On my first day of plunging back into a world of papers and lectures and *gulp* thinking, I was reminded of a few old friends that went on their own journey. I’ve been encouraged to reflect that what they obtained is what I need. Let me set aside my terribly interesting International Relations book about the military-industrial complex and liberalism, and take just a moment to share with you what these folk say it takes for school – and life.



“Back where I come from, we have universities, seats of great learning, where men go to become great thinkers. And when they come out, they think deep thoughts and with no more brains than you have. But they have one thing you haven’t got: a diploma.” – The Wizard


The Strawman = always my favorite.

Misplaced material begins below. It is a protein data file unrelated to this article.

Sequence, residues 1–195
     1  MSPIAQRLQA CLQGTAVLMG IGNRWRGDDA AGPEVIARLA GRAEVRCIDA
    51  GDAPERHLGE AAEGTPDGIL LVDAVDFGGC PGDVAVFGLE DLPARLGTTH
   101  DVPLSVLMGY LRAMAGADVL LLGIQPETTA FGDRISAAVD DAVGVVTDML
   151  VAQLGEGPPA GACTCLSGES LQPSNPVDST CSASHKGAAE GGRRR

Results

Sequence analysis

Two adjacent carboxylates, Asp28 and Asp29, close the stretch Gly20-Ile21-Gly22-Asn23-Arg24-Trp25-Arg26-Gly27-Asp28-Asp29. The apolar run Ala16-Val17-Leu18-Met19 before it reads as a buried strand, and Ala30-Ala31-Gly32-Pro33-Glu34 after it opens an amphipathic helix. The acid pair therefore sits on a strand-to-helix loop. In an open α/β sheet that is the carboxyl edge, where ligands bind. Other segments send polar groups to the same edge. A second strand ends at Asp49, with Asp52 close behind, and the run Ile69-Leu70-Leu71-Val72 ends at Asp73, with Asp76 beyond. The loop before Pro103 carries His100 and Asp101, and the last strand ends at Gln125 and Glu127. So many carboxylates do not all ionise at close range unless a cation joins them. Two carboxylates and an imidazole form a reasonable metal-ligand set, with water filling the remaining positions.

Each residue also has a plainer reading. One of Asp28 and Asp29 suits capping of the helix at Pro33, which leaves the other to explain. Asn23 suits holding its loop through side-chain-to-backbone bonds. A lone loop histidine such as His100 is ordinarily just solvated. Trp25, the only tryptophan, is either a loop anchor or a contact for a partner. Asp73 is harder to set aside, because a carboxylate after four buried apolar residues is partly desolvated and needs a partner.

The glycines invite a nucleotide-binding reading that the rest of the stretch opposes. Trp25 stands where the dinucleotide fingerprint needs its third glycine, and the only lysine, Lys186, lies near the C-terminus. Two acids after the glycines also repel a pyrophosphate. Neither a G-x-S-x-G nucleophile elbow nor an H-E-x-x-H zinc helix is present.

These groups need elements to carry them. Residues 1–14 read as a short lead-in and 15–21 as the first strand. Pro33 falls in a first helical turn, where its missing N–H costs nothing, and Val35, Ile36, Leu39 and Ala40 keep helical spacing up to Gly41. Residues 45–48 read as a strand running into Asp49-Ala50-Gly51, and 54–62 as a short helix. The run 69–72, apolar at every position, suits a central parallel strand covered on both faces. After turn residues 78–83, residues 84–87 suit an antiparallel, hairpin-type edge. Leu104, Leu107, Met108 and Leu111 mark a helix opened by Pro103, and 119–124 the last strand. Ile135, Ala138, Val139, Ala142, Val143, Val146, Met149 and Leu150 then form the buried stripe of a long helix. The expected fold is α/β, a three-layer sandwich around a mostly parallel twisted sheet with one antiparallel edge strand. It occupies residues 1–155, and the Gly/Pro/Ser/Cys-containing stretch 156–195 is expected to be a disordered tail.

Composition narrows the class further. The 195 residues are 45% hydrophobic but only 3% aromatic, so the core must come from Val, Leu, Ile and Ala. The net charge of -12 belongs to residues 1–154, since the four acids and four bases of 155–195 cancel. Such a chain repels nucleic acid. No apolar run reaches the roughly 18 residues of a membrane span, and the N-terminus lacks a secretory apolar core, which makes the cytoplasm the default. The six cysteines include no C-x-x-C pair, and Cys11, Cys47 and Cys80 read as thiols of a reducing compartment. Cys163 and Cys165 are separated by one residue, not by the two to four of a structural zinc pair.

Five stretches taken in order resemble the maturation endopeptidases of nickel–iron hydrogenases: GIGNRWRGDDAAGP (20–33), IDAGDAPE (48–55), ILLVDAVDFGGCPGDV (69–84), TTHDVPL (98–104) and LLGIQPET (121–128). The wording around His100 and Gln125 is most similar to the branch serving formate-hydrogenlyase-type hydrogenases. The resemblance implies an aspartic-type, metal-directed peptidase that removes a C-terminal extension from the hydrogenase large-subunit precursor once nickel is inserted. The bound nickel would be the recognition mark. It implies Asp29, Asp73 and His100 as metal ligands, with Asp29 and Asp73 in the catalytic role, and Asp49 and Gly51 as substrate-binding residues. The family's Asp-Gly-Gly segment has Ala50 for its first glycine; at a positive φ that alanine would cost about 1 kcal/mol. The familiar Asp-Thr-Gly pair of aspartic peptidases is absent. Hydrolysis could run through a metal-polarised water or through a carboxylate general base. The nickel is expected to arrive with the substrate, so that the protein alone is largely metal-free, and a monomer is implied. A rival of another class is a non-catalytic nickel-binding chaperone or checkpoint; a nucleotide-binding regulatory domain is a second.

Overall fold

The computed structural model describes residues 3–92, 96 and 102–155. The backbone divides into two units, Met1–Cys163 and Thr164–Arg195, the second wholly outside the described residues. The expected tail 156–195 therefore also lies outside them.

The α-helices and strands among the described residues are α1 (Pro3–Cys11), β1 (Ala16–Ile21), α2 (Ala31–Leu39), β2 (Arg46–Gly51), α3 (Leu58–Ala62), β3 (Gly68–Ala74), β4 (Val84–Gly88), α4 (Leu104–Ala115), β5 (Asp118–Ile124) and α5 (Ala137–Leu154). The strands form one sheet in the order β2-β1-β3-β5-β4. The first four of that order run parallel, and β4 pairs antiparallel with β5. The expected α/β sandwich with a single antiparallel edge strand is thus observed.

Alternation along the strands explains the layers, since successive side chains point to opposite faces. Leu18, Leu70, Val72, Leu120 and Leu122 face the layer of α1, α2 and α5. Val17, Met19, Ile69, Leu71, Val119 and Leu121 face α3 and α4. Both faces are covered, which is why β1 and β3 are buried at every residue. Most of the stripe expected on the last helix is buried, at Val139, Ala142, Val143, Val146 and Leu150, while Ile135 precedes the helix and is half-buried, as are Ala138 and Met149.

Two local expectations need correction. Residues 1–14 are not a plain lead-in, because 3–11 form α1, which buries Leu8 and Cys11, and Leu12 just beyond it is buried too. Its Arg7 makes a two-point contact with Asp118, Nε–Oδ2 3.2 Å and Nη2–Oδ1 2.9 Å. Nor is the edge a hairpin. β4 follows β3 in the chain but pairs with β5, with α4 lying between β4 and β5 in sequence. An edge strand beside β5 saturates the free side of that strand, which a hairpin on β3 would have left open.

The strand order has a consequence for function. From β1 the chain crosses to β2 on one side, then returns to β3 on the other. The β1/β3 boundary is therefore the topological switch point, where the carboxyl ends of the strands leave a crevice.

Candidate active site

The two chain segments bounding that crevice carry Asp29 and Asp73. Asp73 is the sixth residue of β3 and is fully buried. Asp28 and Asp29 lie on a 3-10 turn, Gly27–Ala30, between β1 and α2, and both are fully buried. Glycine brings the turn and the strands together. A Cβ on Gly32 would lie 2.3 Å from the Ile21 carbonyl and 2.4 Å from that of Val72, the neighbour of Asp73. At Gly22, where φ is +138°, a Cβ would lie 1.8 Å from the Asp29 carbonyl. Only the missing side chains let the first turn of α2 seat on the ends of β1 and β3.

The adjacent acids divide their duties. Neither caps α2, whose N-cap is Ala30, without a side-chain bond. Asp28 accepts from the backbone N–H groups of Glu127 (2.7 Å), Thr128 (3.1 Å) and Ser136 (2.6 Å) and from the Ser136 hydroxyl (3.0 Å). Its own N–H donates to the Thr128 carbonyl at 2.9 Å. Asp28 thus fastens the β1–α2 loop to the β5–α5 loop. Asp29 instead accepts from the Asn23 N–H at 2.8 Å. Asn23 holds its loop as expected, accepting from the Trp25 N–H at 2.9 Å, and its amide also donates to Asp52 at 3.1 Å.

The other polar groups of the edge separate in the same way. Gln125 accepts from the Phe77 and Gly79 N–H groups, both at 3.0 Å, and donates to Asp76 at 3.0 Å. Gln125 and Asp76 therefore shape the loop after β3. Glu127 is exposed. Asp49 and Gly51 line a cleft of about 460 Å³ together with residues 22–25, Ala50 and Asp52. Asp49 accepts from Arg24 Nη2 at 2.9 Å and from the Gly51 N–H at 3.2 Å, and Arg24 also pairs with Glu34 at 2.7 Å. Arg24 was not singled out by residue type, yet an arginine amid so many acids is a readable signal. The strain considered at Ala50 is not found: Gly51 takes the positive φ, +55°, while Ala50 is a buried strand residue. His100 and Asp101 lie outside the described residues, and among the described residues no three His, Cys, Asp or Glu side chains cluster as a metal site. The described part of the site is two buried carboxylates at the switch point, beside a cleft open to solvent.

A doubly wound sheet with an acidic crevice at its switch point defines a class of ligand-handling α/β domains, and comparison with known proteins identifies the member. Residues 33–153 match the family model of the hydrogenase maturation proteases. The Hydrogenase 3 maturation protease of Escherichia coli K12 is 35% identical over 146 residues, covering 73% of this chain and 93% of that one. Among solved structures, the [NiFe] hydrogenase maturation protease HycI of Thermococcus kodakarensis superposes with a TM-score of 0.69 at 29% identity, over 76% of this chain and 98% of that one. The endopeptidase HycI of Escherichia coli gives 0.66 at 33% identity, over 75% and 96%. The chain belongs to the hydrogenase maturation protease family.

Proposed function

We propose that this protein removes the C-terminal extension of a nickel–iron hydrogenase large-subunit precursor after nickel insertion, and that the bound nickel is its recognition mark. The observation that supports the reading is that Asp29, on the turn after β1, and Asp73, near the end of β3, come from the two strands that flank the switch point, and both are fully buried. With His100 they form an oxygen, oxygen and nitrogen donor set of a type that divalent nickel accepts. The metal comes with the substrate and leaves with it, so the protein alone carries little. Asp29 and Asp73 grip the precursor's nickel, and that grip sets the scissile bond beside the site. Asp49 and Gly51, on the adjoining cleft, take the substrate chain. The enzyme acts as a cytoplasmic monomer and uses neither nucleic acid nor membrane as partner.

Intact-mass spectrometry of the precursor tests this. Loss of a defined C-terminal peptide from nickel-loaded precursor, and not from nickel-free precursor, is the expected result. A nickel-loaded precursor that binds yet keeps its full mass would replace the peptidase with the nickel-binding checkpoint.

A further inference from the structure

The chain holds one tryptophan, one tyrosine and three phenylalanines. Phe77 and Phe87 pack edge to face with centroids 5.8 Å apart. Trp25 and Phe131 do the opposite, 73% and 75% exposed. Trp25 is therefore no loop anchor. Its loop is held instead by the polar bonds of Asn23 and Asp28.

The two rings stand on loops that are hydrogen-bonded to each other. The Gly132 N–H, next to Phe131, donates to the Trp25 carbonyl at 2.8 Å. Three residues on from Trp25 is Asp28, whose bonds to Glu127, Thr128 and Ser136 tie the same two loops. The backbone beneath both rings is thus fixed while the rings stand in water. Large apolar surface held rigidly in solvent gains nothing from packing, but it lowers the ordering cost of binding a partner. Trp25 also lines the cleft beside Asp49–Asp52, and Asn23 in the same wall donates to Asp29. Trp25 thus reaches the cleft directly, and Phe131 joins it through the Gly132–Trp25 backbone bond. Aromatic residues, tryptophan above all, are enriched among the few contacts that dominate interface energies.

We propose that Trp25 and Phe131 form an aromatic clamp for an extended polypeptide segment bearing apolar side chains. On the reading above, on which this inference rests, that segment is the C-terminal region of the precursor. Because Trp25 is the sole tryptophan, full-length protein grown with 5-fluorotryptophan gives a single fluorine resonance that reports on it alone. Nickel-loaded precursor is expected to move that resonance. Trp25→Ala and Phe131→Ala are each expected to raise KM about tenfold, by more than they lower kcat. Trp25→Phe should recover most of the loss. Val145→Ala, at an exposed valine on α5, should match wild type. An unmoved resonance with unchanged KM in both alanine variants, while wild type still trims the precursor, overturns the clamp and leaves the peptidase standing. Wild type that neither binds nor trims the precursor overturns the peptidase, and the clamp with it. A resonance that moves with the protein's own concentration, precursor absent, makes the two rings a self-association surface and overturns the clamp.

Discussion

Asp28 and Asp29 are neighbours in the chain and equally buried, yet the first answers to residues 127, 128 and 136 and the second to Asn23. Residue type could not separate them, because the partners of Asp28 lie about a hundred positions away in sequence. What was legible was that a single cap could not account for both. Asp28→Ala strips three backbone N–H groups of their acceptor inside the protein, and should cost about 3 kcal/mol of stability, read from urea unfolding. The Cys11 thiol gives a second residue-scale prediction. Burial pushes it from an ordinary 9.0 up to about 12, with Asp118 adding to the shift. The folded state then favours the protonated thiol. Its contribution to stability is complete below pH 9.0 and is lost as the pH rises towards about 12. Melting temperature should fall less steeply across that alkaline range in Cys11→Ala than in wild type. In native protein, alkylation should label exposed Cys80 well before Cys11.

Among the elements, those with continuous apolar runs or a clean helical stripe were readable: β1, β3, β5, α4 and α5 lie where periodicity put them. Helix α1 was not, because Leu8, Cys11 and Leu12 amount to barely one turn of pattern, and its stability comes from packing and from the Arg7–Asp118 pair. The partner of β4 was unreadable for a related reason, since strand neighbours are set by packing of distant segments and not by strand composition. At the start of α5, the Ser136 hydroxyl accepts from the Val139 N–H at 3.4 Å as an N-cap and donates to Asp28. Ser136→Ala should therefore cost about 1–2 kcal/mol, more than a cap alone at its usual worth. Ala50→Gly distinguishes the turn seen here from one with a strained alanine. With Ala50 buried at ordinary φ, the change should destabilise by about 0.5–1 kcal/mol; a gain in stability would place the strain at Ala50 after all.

An incognito elder due to my baby face, plunked back among the aimless freshies straight out of high school (or still in high school), I am finding my brain has become just a wee bit rusty over the years. Last week, I puzzled over why I was so tired driving home one day, and determined it’s probably because my mind has grown lazy and now has to start up and work again! So after a long day of school, my brain was tired.

As a believer in God, I think I can tend to compartmentalize what He gives me. I thank Him for food, for income, for the people in my life. I can tend to forget that my capacity to even reason and think comes from God, and that the moments when I am inspired or understand something, God deserves the glory!

As I face every school assignment, every stretching moment throughout life, it is a reminder to rely on the One who makes my body move, my lungs breathe, and my brain work – and to thank Him for it.